Our wedding was on a Saturday. We flew in on Wednesday afternoon. (Note to future brides planning from afar: if you can spare the vacation time, give yourself more time than this.) Our first stop was to pick up the rental car, which led to semi-awkward interaction with the rental car guy while Carrie filled out the paperwork:
Rental Car Guy: So what brings you to town?
Carrie: Um, our wedding.
RCG: Oh....blah blah blah try to upsell rental car crap...would you like to add a second driver for $$$ per day?
Me: I thought your company's policy is that spouses and domestic partners are free? (Yes, I had a printout from company's website if needed.)
RCG: Wait, are you already married?
RCG: Oh, okay then. Well if she (looking at Carrie) trusts you...
We then went on our merry way to pile our stuff into the tiniest, cheapest rental car ever--I had no idea that factories are still making cars without power locks and windows. But fear not, we had Sirius satellite radio!
|Seriously, the window has a crank? Seriously?|
In those few days, we had lots of last-minute paper projects to tackle--table signs, other random signs, and what would quickly become my nemesis: place cards. We had everything all set up ahead of time. The formatting was done, the mail merge was done, so it was just a matter of feeding the sheets into the printer and then hand stamping them. It turned out that the stamping was the least frustrating part of this process. The first few sheets printed fine, and then suddenly we had all sorts of problems. There was weird gray fringing. There was smudged printing. There were parts missing of some letters. We played with the printer settings, we shook the toner cartridge, we put in a new toner cartridge, and the gray smudginess was still there. At this point we were out of blank place cards despite having bought twice as many as we needed, and I was Freaking. Out. My mom went off on a trip to Staples, which involved her talking to a couple managers and going to multiple locations around the Twin Cities metro area before she found the cards in stock. And while she did that, Sean took apart the printer a bit and cleaned some parts so that once my mom finally returned victorious from Staples, we were able to print the rest. Oh yeah, and all of this involved me running laps back and forth between the computer that had Publisher on it and the printer in a different room. I think that may have been the only exercise I got that week, so it was probably good for me.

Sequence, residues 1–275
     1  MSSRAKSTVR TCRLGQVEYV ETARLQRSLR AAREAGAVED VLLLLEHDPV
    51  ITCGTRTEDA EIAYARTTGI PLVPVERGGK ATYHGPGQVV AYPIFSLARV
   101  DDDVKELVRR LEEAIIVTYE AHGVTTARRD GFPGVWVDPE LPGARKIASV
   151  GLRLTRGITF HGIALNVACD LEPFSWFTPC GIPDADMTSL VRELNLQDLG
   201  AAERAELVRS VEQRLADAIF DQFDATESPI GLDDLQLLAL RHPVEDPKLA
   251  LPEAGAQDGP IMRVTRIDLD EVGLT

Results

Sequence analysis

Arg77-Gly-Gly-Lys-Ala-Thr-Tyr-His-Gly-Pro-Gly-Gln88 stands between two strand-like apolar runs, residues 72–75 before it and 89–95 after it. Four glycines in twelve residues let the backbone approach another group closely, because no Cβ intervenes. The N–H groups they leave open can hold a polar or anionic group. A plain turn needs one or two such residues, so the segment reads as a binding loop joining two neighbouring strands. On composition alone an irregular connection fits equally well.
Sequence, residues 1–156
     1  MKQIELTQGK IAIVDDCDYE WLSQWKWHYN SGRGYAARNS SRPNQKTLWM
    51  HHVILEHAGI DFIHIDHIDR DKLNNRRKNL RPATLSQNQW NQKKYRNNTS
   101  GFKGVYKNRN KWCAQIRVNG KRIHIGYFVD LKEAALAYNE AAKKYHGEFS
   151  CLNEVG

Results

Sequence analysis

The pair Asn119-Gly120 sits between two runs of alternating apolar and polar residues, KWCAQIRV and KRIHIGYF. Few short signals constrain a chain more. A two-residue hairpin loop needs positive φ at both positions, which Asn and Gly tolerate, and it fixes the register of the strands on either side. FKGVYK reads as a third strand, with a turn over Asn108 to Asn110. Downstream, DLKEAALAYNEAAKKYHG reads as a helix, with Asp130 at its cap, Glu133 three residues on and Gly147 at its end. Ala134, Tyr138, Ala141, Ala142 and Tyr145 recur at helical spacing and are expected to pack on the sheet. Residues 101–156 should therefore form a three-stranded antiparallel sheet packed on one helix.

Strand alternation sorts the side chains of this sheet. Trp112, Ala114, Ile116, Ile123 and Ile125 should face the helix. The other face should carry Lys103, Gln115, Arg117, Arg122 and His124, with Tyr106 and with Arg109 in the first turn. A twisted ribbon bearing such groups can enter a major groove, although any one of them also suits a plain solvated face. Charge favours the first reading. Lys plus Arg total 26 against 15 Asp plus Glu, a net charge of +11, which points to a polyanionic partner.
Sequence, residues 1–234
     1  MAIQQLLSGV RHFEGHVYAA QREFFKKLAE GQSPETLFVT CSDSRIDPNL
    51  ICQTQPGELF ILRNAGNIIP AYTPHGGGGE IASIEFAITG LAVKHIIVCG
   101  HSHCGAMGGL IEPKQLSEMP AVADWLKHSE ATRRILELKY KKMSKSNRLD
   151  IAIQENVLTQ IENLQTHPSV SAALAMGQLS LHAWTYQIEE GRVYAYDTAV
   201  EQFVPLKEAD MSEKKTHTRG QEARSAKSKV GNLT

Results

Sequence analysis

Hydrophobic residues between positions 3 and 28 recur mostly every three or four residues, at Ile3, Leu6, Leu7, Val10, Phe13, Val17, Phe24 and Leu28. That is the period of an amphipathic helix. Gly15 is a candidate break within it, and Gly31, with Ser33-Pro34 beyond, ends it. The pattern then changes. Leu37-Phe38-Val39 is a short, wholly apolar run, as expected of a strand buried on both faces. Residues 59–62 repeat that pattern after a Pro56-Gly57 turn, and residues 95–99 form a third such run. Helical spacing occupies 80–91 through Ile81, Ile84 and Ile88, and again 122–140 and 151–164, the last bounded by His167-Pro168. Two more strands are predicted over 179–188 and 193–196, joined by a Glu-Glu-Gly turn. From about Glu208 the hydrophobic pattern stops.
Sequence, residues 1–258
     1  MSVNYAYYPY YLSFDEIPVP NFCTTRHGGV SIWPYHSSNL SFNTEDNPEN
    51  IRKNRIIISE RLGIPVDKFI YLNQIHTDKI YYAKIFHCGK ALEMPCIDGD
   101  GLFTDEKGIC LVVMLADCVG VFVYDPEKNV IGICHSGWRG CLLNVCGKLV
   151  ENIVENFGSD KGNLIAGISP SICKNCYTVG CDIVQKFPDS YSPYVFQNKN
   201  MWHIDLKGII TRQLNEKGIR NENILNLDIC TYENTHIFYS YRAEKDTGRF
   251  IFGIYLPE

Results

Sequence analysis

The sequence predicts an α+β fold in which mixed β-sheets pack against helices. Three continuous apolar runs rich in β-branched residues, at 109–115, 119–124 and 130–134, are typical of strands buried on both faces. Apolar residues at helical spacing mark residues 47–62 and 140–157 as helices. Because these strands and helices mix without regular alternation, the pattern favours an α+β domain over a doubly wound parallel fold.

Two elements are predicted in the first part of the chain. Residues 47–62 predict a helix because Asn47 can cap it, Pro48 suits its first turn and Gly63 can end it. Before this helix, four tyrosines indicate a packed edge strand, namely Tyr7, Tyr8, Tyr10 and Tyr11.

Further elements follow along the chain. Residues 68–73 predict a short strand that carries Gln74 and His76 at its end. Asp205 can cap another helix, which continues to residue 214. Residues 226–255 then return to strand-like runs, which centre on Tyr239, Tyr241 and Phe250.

|Me at the printer. I think the expression on my face is "Carrie, why are you taking my picture? Can't you see that I am freaking out here?"|
Friday, of course, brought more stress. We had planned for mani/pedis for us, our moms, and whomever of our bridesmaids were around and interested. Despite the fact that we'd scheduled an appointment for all of us, the nail salon was rather understaffed, and we ended up being there for several hours.
|All of us pretending to read magazines while I'm trying really hard to suppress a giggle.|